In California, four counties are using Results First to confront the new challenges presented by the state’s Public Safety Realignment Act of 2011.
With 2016 already in full swing, legislators across the country are beginning the difficult task of allocating limited taxpayer dollars to programs that will have the greatest benefit for the most people. Our organizations have worked with states for many years, and we know that determining which programs to fund—and at what level—is no easy task. Legislators too often lack critical information, such as an inventory of existing state programs, the cost of these initiatives, evidence of their effectiveness, and the expected outcomes each would generate if continued. Without this information, lawmakers are handicapped in meeting their primary responsibility to ensure that constituents receive an appropriate return on public dollars.
State and local leaders certainly recognize that their citizens —and their bottom lines —would benefit from a focus on maximizing return on investment. To help, The Pew Charitable Trusts and the John D. and Catherine T. MacArthur Foundation created the Results First initiative in 2010. Today, legislators and managers from 22 states and four California counties have partnered with Results First to bring evidence-based decision-making to their constituencies. Earlier this year, Pew and MacArthur committed an additional $18 million to continue this important work, bringing our shared investment in Results First to more than $30 million.
Here’s how it works. State and local leaders identify which programs work and which don’t. They do that by calculating potential returns on investment; ranking programs based on their projected benefits, costs, and risks; identifying effective programs that can be expanded and ineffective ones that can be cut or eliminated; and using evidence to predict the impact of various policy options.
Corrections is one area in which data make a real difference. New Mexico, for example, developed a sophisticated cost-benefit analysis model in collaboration with Results First to inform policy and budget decisions. The analysis showed that the state could avoid $8.3 million in taxpayer costs and more than $40 million in societal costs by reducing the recidivism rate by 10 percent through investments in evidence-based correctional education and treatment programs.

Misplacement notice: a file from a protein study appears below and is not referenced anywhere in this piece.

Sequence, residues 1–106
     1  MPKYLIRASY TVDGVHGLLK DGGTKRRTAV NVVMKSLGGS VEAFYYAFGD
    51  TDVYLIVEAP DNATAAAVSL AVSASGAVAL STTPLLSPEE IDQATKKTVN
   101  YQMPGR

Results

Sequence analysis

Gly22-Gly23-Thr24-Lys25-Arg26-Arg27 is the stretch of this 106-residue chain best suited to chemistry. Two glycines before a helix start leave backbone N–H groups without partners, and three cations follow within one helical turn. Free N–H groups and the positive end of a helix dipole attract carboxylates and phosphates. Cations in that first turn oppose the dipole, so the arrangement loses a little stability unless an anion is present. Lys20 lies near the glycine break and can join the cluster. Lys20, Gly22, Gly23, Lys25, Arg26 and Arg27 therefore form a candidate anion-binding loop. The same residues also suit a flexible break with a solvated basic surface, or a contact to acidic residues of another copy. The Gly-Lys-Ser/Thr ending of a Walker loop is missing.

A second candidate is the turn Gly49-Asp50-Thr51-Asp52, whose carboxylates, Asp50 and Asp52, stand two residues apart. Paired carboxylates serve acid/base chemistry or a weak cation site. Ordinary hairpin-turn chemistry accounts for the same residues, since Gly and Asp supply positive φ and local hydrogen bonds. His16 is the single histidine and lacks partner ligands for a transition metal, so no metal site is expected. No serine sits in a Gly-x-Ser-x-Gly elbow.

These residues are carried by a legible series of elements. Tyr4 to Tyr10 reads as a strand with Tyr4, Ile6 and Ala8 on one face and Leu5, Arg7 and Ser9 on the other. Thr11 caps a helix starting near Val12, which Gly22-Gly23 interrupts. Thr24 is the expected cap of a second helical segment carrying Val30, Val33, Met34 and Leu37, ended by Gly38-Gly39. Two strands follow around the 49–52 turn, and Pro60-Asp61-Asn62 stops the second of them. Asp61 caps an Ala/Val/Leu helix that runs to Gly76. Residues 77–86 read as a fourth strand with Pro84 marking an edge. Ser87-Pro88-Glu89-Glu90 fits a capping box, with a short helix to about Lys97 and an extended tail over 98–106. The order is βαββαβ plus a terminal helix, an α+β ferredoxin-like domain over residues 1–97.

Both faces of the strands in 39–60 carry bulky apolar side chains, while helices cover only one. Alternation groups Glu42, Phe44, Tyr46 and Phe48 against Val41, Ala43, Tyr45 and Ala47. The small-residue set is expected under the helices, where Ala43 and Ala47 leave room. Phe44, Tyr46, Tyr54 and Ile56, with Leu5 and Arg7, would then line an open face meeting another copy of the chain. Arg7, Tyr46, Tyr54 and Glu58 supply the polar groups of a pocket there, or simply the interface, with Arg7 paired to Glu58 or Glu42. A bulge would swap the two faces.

In California, four counties are using Results First to confront the new challenges presented by the state’s Public Safety Realignment Act of 2011. Fresno, Kern, Santa Barbara, and Santa Cruz turned to evidence-based policymaking to meet the requirements of this legislation.
Kern County, for example, is using its analyses to inform decisions about jail and community supervision programming, and is systematically replacing ineffective programs with evidence-based alternatives that are proven to deliver positive results. A cross-agency team has developed an inventory of programs to help the county better understand the full range of services it offers, their costs, and the evidence of effectiveness for each program. In an effort to track program quality and performance, the county has invested in an evidence-based staff unit to monitor program implementation and outcomes.
Building on this successful effort, California’s Department of Corrections and Rehabilitation (CDCR) is now partnering with Results First to inventory and analyze its prison and parole programs.
The effective use of evidence-based policymaking in these jurisdictions makes a strong case for an expansion of this approach. As states and localities recover from the Great Recession and budget for the upcoming fiscal year, they must meet the urgent public demand for greater efficiency, accountability, and transparency. In short, they need to put results first. There is no more certain path to that goal than making sure that positive results are the first priority for every service government provides.
Julia Stasch is president of the John D. and Catherine T. MacArthur Foundation in Chicago. Rebecca Rimel is president and chief executive office of The Pew Charitable Trusts in Washington.
This piece was previously published April 22, 2016, in the San Jose Mercury News.